Yeah, Lori Ann was spoiled, all right. He gave her anything and everything she wanted. But why not? He could afford it. What else did he have to spend his money on but the woman he loved? Since the day he met her at a promotional event for his professional bull riders’ organization, he’d been head-over-heels in love with her. And she with him. They were a perfect match for each other. He was athletic, craved excitement, and took chances. She was sweet and calm, a great grounding rock for him. There was just something right about them together. And one day they’d get married and make beautiful blond babies together. Maybe sooner than she thought.

Even after all this time, he adored her. Still bought her clothes and jewelry. Still had hot sex with her. That’s why he’d caught an early plane home. He wanted to surprise her this morning and kiss her awake. And give her the ring he carried in his pocket.

His adrenaline surged just like it did when he was about to climb down on the back of a seventeen-hundred-pound bull. Brody slowly turned the doorknob, so he wouldn’t make noise and wake Lori Ann. She wasn’t expecting him.

What the hell?

Every light in the place was on. He blinked his eyes against the glare reflected off the bank of windows that faced the lake.

Cocking his head to the side, Brody stood at the threshold and surveyed the strange sight in the fashionable, black-and-white living room Lori Ann had decorated. It didn’t look like their peaceful living space with everything neat and in its place. It looked like a scene from a college frat party. Not that he would know firsthand, of course. He’d never gone to college and never been to a frat party, but he’d listened to a lot of stories.

Furniture was shoved back against the walls. Empty glasses and plates littered the glass table tops. Cigarette butts filled several ash trays. He’d never had an ash tray in the apartment in his whole time living there.

Lori Ann didn’t smoke. And folks didn’t smoke in Montana where he came from. He’d learned his lesson the hard way. He’d tried it once out behind the barn. His stepfather had caught him and tanned his hide. His mom had given him the what-for too. Told him smoking interfered with drawing in the clean mountain air. It made riding and roping harder work with lungs full of crap. They were right.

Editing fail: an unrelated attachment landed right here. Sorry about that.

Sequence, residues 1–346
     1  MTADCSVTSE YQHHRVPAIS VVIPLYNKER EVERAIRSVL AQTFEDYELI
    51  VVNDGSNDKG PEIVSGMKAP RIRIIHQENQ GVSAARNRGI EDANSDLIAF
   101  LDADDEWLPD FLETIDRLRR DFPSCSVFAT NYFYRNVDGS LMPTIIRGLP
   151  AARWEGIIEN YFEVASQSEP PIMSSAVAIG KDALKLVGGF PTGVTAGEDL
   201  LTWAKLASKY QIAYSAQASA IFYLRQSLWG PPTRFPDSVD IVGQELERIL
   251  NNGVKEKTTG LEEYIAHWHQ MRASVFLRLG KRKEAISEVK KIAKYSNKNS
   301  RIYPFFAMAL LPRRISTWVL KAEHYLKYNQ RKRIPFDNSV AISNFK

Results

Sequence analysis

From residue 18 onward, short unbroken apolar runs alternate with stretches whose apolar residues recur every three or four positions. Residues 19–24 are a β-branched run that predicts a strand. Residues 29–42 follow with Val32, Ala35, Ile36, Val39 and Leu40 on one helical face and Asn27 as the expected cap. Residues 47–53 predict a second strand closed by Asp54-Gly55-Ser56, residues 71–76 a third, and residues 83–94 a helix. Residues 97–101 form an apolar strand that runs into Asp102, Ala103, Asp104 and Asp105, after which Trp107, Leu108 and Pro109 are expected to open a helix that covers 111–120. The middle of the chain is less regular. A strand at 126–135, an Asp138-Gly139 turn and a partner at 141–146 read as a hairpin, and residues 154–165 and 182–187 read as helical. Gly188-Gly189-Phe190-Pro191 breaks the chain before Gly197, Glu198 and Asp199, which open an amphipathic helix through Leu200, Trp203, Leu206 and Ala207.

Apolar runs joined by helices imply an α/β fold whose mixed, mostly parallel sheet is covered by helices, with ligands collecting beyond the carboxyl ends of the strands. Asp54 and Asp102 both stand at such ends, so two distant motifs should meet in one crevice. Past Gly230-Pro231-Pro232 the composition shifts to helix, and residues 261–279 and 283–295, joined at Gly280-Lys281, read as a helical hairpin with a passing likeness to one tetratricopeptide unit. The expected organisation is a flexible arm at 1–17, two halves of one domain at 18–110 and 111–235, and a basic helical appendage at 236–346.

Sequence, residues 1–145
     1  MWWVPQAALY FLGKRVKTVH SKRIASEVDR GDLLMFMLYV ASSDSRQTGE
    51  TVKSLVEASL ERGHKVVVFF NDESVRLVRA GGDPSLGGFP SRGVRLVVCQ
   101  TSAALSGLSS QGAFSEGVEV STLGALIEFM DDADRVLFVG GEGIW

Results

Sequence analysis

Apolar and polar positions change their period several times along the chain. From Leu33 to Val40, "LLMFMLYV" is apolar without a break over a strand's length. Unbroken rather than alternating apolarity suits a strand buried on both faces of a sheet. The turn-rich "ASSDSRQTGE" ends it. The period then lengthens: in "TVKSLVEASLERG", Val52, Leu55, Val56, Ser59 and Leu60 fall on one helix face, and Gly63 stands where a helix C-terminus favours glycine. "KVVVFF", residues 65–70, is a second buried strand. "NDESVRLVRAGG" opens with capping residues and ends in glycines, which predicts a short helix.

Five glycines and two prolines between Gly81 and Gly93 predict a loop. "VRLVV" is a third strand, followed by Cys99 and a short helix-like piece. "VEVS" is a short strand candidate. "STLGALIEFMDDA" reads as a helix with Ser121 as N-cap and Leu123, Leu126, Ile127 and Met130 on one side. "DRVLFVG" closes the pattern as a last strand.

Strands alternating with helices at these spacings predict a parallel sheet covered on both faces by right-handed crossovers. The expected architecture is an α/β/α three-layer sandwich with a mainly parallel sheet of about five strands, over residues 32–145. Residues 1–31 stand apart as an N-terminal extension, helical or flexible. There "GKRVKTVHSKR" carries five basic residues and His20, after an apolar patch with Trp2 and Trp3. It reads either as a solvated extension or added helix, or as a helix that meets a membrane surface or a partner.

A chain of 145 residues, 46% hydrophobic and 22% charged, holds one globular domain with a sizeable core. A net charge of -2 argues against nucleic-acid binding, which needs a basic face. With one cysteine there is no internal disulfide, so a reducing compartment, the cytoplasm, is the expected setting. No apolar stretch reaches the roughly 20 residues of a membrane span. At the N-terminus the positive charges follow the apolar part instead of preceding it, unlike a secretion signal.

Tightening his jaw, Brody took a step inside, dropped his duffle bag by the entrance, and shut the door behind him. He turned slowly, absorbing the dead silence of the place and drawing in a pungent scent of skunk.

He’d smelled it before on the streets of Chicago as he biked. He’d smelled it on sidewalks in the Loop and on the L.

Brody walked over to the glass coffee table and looked down at the ashtrays, which weren’t filled with only cigarette butts, but the damp, wrinkled nubs of paper-wrapped joints.

Someone had been smoking marijuana. And by the looks of the debris, a lot of it.

So that explained why Lori Ann had been acting strange for six months. He’d overlooked red flags because he’d wanted to. But now he couldn’t. The tightening of his gut told him he’d been a fool.

A damn fool.

A pair of man’s, black leather loafers kicked off by the black leather sofa told him the same thing.

Brody strode toward his bedroom, the one he shared with Lori Ann, and turned on the light switch beside the door. The overhead chandelier illuminated the king-size bed beneath it.

The spectacle rocked him. Another man had enjoyed the fruits of his labor.

Brody planted his legs wide for balance, anger rolling through the length of his slim, muscular body. So, this is what betrayal feels like.

He reached the side of the bed in two strides and grasped the edge of the red satin sheet covering Lori Ann and another body. He tore the covering off her with a quick snap of his wrist.

“Who’s he?” he asked between clenched teeth.

Lori Ann sat bolt upright pulling the red satin sheet back over her breasts.

“Brody! What are you doing here?”

“Seems you’ve been taking me for a ride,” he said in his quiet cowboy way.

Lori Ann stared at him wide-eyed. He might not look like a cowboy with his frayed blue jeans, Chicago Cubs T-shirt, tennis shoes, and ball cap, but his jaw was set with the same cowboy determination that made him a champion bull rider and the same instinct that made him competitive from the time he was seventeen.

And that instinct was kicking him right in the seat of his pants.

The other man turned over onto his back and mumbled something about turning off the lights.

“I can explain.” Lori Ann’s voice had a frantic tone to it.

“Nothin’ to explain. I get it.” Brody didn’t need a picture drawn for him. “Be out of here by the time I get back.”

He turned on his heel and headed for the door.

“Wait!” she shrieked, ripping the sheet off the bed and leaving her bed partner buck naked sprawled out in the king-size bed. Running after him, dragging the sheet, Lori Ann caught up to Brody in the living room and grabbed him by his right arm.

Brody stopped and looked down at her. Her blond hair was disheveled. He’d seen her naked many times. Why was she hiding now behind the sheet? Shame? As if seeing her for the first time, he noticed the unhealthy pastiness of her porcelain skin and the selfish pout of her full lips.

His sister, Mercer, had warned him about Lori Ann a long time ago. He hadn’t listened then. But he was listening now.

“Where are you going?”

“I’m going home.” The idea suddenly formed in his dazed brain.